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English Church Architecture -

Essex.

 

GREAT YELDHAM, St. Andrew (TL 758 387)     (June 2005)

(Bedrock:  Upper Cretaceous, Upper Chalk)

 

This is a curious building rather than an architecturally satisfying one, the key to the understanding of which lies in the recognition of the fact that the massive, two-storey S. porch was originally intended to be a S. tower before, for some reason, its construction was broken off, about a century before the conventional, angle-buttressed tower was added to the west.  Thus the church today consists of a chancel, a very short nave of just two bays, a tall W. tower, a N. aisle, and on the S. side - from east to west and all conjoined - a cross-gabled vestry, a cross-gabled chapel and the enormous porch.  (See the photograph left, taken from the southeast.)  Except in the tower, the details of all this are of mostly late fourteenth century date, albeit much restored, while the tower is fifteenth century work. However, the arch to the S. chapel could be fifteenth century also, to judge by the casement moulding around the outer order to the north, and the aisle arcade is wholly Victorian, as are the N. aisle N. windows, which leaves just the aisle E. window with supermullioned tracery to prove  there actually was an aisle here in the Middle Ages. The stump of the projected S. tower was converted into the over-sized porch by the addition of a stepped gable in English bonded brick, but its originally-intended use is shown by the position of the stair to the upper room which opens directly into the porch interior without so much as an intervening door.  The porch outer doorway has a crocketed, ogee-pointed arch, while above this is a two-light window with a niche at either side.  The W. tower (illustrated right, from the south) is by far the proudest part of the church and rises to three-light, untraceried, transomed bell-openings, and stepped battlements with crocketed pinnacles at the corners and statuettes at the mid-points.  A prominent stair turret projects to the southeast and the W. wall displays a large doorway of complex profile, with blank spandrels beneath a label, and a three-light supermullioned window above that.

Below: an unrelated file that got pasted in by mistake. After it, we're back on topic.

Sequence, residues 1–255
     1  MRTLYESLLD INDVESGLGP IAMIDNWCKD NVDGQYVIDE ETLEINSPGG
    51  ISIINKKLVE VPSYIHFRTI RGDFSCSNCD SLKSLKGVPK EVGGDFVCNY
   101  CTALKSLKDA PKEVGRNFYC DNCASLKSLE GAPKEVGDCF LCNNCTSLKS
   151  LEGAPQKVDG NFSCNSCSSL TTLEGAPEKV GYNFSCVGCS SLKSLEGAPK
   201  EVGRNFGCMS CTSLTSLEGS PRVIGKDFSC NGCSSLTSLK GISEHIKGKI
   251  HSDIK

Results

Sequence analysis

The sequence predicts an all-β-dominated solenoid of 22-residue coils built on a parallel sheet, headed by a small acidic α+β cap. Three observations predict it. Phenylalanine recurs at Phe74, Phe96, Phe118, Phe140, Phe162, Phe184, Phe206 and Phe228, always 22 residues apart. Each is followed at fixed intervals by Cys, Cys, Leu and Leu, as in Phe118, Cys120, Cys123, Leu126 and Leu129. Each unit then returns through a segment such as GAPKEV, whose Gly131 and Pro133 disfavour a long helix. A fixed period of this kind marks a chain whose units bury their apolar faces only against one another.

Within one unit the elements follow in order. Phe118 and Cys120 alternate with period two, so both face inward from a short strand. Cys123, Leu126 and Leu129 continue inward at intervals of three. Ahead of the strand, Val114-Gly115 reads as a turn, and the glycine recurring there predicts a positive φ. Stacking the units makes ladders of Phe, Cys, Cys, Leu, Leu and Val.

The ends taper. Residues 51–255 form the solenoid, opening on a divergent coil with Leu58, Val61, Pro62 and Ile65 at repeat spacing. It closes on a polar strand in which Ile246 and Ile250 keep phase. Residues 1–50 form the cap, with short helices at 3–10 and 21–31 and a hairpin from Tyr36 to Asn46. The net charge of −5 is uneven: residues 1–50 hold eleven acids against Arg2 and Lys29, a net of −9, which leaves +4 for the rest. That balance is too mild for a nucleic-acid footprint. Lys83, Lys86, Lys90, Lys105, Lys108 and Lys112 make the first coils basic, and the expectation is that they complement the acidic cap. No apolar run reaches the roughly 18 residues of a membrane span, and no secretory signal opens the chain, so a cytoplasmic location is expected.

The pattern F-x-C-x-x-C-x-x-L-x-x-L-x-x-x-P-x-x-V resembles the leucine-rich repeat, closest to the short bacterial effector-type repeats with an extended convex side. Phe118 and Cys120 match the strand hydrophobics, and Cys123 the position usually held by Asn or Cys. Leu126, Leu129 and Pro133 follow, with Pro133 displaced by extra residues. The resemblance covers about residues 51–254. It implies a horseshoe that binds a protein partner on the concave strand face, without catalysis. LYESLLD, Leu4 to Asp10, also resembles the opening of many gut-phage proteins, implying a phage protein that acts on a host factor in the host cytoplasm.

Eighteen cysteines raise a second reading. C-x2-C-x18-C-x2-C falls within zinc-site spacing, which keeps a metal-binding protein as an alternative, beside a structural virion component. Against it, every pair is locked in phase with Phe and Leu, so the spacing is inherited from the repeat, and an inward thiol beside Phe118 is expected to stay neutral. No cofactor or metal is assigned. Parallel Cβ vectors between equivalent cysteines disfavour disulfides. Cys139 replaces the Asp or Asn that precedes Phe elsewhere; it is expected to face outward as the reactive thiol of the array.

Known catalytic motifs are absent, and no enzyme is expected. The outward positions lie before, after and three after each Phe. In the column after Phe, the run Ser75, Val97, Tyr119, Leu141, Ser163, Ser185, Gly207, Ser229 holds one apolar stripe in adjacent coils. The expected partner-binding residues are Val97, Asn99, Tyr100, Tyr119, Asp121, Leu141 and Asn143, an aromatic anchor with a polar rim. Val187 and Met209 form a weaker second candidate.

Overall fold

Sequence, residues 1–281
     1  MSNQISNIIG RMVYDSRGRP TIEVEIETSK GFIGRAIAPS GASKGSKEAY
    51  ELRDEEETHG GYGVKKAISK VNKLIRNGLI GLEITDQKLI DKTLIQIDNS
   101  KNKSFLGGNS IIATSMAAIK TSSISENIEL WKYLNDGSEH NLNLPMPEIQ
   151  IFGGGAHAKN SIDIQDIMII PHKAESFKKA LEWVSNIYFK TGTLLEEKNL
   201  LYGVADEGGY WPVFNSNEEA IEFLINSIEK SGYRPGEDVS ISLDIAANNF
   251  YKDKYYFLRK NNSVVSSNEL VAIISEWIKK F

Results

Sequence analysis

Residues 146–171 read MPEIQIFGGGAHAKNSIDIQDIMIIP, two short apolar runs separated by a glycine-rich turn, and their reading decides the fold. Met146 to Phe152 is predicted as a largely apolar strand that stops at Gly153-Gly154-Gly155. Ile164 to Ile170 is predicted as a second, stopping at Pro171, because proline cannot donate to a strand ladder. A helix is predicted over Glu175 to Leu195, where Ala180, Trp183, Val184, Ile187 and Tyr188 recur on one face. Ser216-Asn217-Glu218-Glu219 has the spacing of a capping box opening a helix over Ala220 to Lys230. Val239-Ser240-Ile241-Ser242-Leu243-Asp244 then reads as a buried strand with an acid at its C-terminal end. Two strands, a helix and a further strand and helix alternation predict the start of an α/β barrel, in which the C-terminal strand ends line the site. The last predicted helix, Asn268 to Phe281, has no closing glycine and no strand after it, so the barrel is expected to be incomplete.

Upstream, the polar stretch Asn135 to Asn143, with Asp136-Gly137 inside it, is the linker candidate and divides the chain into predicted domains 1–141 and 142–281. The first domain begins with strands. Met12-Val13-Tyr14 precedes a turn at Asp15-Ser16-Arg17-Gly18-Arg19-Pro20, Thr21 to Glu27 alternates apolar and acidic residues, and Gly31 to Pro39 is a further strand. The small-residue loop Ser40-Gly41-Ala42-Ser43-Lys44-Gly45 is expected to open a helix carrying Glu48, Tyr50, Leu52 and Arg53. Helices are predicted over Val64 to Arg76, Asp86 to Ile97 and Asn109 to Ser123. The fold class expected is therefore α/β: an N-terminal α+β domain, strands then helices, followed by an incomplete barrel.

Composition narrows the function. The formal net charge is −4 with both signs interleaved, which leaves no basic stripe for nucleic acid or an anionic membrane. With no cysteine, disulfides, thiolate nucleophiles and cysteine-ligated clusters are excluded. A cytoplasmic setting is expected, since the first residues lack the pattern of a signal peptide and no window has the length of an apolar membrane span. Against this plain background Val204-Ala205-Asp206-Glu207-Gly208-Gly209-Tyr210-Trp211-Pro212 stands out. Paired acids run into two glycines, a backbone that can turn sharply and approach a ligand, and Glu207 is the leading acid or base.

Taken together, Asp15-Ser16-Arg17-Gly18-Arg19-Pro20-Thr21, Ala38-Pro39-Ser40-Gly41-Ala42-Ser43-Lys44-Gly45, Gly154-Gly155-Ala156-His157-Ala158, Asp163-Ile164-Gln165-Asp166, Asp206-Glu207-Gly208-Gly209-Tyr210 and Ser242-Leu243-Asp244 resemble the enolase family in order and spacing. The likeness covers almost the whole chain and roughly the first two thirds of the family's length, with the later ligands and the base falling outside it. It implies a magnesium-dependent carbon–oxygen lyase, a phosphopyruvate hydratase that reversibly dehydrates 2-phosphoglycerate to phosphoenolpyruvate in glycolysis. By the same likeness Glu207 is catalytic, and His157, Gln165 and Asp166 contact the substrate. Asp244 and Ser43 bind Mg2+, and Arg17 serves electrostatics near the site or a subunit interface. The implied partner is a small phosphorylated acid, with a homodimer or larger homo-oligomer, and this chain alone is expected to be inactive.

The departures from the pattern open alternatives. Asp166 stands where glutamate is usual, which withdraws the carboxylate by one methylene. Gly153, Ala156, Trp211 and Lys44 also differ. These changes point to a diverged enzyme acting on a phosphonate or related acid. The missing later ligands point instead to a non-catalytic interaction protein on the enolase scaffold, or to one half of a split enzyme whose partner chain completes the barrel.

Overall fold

The building contains few furnishings of note apart from the pulpit and rood screen.  The pulpit (shown left) was considered by Pevsner to be Elizabethan and is decorated with blank arches round the sides.  The screen consists of six one-light divisions and retains mediaeval painted figures on the dado, south of the central opening.

 

The church contains a number of minor wall monuments of which Gunnis mentions one (Dictionary of British Sculptors: 1660 - 1851, The Abbey Library, 1951), namely that to Gregory Lewis (d. 1799) on the chapel E. wall, signed by John Bacon the Elder (1740 - 1799), another of whose monuments may be found at Hawstead in Suffolk, but there are also two others here, dated 1833 and 1835 and signed by “S. Manning”, who was most probably Samuel Manning the Elder (1788-1842), the partner of John Bacon the Younger, whose work may likewise be seen at Hawstead.